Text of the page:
Definitions

from The American Heritage® Dictionary of the English Language, 5th Edition.

  • noun An essential amino acid, C6H13NO2, obtained by the hydrolysis of protein by pancreatic enzymes during digestion and necessary for optimal growth in children and for the maintenance of nitrogen balance in adults.

from the GNU version of the Collaborative International Dictionary of English.

  • noun (Physiol. Chem.) a naturally occurring alpha-amino acid ((CH3)2CH.CH2.CH(NH2)-COOH), one of the building units of almost all proteins of living organisms, both animal and vegetable. It is one of the essential amino acids (not synthesized by the human body, a required component for proper nutrition), and is hydrophobic in character when bound in proteins. In isolated form it is a white, crystalline, zwitterionic substance formed, e. g. by the decomposition of proteins by pancreatic digestion, by the action of boiling dilute mineral acid, or by putrefaction. Chemically it is to be considered as amido-caproic acid. It occurs as two optical isomers, the L- and D-forms. The L-form, L-leucine, is the natural form, present in most proteins.

from Wiktionary, Creative Commons Attribution/Share-Alike License.

  • noun biochemistry An essential amino acid, C6H13NO2, isomeric with isoleucine, found in most animal proteins; it is essential for growth in children.

from WordNet 3.0 Copyright 2006 by Princeton University. All rights reserved.

  • noun a white crystalline amino acid occurring in proteins that is essential for nutrition; obtained by the hydrolysis of most dietary proteins

Etymologies

from The American Heritage® Dictionary of the English Language, 4th Edition

[French : leuc–, leuc– + –ine, –ine.]

from Wiktionary, Creative Commons Attribution/Share-Alike License

Ancient Greek λευκός (leukos, "white") +‎ -ine

Examples

  • Amaranth protein, itself, is low in the amino acid leucine, which is not a serious limitation because leucine is found in excess in most common grains.

    4 Grain Amaranths

  • As a model system for studying real-time protein folding dynamics, the TUM scientists chose a so-called leucine zipper found in yeast.

    PhysOrg.com - latest science and technology news stories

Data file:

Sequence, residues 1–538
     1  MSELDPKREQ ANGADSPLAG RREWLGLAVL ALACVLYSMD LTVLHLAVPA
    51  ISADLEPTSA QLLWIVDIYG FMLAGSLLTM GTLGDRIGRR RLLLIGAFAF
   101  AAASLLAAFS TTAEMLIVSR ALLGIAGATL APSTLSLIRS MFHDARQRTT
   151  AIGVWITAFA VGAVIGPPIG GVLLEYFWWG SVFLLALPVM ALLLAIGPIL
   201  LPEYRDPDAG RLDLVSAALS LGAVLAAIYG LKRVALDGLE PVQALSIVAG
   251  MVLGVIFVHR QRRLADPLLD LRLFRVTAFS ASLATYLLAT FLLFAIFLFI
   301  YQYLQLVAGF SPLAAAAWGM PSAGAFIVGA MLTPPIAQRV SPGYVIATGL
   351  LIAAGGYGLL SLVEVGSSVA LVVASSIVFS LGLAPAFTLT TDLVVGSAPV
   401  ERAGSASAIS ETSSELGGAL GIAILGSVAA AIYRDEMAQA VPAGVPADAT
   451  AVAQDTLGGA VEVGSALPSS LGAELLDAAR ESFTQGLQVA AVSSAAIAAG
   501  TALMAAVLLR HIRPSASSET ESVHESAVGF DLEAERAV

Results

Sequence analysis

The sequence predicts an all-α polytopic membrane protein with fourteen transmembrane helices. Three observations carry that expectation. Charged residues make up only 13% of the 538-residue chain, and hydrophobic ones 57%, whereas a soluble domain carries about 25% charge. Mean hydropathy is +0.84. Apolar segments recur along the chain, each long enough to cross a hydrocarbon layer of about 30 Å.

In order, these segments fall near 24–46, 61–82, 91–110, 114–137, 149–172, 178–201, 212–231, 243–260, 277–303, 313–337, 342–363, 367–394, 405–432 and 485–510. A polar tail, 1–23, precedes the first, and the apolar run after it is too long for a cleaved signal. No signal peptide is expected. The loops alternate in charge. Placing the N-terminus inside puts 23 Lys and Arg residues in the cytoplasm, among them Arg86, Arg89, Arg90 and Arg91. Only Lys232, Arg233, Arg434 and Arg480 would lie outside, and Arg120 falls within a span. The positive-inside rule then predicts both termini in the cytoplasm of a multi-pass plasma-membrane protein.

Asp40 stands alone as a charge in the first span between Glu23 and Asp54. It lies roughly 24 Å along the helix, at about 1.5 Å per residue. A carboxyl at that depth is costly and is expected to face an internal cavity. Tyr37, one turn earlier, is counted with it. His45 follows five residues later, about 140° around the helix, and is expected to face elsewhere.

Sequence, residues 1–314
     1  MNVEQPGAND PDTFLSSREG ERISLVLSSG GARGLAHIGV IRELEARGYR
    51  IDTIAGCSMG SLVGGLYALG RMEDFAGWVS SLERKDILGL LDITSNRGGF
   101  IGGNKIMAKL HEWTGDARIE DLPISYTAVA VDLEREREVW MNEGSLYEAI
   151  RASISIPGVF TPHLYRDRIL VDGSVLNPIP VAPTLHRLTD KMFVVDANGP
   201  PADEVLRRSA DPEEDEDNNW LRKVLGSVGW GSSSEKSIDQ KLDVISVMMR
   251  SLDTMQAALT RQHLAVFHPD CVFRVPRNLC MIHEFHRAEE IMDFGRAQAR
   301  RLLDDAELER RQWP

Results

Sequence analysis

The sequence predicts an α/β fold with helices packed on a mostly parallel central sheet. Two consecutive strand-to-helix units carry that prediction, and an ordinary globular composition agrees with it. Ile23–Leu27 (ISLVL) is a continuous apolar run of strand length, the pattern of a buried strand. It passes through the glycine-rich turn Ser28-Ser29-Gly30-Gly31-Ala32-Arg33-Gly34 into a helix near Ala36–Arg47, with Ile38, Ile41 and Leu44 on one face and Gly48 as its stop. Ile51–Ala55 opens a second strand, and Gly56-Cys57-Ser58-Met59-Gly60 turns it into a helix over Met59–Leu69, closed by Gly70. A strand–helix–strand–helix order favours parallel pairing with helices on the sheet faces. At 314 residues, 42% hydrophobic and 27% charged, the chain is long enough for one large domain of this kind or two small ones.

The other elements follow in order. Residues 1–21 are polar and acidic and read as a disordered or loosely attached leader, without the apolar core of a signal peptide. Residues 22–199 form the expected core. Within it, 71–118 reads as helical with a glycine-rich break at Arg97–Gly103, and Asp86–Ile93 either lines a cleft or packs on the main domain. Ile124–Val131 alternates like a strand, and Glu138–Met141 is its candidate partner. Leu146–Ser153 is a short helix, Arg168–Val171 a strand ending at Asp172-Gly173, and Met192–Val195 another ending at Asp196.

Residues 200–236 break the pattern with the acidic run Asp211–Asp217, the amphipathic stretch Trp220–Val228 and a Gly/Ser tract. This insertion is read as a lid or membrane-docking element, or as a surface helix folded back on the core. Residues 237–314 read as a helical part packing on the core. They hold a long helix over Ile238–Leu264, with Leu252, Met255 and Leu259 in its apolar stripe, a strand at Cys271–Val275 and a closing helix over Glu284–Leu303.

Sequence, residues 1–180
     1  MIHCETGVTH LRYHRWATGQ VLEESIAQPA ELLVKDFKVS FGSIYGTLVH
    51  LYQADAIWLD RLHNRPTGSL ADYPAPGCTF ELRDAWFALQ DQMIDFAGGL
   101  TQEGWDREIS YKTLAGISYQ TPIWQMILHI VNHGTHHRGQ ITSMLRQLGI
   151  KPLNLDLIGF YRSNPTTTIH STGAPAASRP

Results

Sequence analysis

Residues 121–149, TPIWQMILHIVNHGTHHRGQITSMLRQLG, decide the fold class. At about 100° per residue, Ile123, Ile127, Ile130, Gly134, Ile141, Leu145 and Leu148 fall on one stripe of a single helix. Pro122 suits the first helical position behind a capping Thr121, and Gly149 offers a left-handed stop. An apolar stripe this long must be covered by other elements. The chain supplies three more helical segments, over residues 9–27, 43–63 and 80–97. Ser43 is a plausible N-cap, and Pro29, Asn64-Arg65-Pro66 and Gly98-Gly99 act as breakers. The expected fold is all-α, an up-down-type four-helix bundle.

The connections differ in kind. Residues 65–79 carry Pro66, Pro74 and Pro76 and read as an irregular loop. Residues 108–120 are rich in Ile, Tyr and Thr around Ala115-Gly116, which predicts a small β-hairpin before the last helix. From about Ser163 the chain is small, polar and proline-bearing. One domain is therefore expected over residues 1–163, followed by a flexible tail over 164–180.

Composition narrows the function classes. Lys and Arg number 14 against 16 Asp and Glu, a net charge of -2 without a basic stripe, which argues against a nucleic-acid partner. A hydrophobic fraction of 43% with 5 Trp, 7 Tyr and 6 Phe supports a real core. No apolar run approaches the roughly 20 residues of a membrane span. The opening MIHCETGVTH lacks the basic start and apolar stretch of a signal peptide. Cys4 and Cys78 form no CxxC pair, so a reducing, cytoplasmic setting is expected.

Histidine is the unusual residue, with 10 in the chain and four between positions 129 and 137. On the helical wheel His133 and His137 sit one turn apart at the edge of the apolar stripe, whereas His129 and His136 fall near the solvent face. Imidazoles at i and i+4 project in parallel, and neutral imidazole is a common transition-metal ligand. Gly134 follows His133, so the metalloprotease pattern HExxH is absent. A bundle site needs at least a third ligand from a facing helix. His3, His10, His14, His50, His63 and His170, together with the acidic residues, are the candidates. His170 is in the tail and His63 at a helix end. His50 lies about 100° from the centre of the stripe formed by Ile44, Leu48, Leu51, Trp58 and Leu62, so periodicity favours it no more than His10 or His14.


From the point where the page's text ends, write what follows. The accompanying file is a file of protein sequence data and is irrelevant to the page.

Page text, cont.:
• Mgc80835 was recently termed leucine-rich repeat flightless-interacting protein 2 (LRRFIP2) and found to activate the canonical Wnt signaling pathway upstream of ctnnb1/beta-catenin

    PLoS ONE Alerts: New Articles

  • As a model system for studying real-time protein folding dynamics, the TUM scientists chose a so-called leucine zipper found in yeast.

    Medlogs - Recent stories

  • As a model system for studying real-time protein folding dynamics, the TUM scientists chose a so-called leucine zipper found in yeast.

    Medlogs - Recent stories

  • As a model system for studying real-time protein folding dynamics, the TUM scientists chose a so-called leucine zipper found in yeast.

    THE MEDICAL NEWS

  • At the start of the SILK test, volunteers were connected to an intravenous drip that gave them a slightly altered form of the amino acid leucine, which is a component of A-beta.

    Science Blog - Science news straight from the source

  • At the start of the SILK test, volunteers were connected to an intravenous drip that gave them a slightly altered form of the amino acid leucine, which is a component of A-beta.

    PhysOrg.com - latest science and technology news stories

  • It was there that they discovered Reuben lacked two amino acids called leucine and isoluceine.

    Home | Mail Online

  • At the start of the SILK test, volunteers were connected to an intravenous drip that gave them a slightly altered form of the amino acid leucine, which is a component of A-beta.

    Health News from Medical News Today

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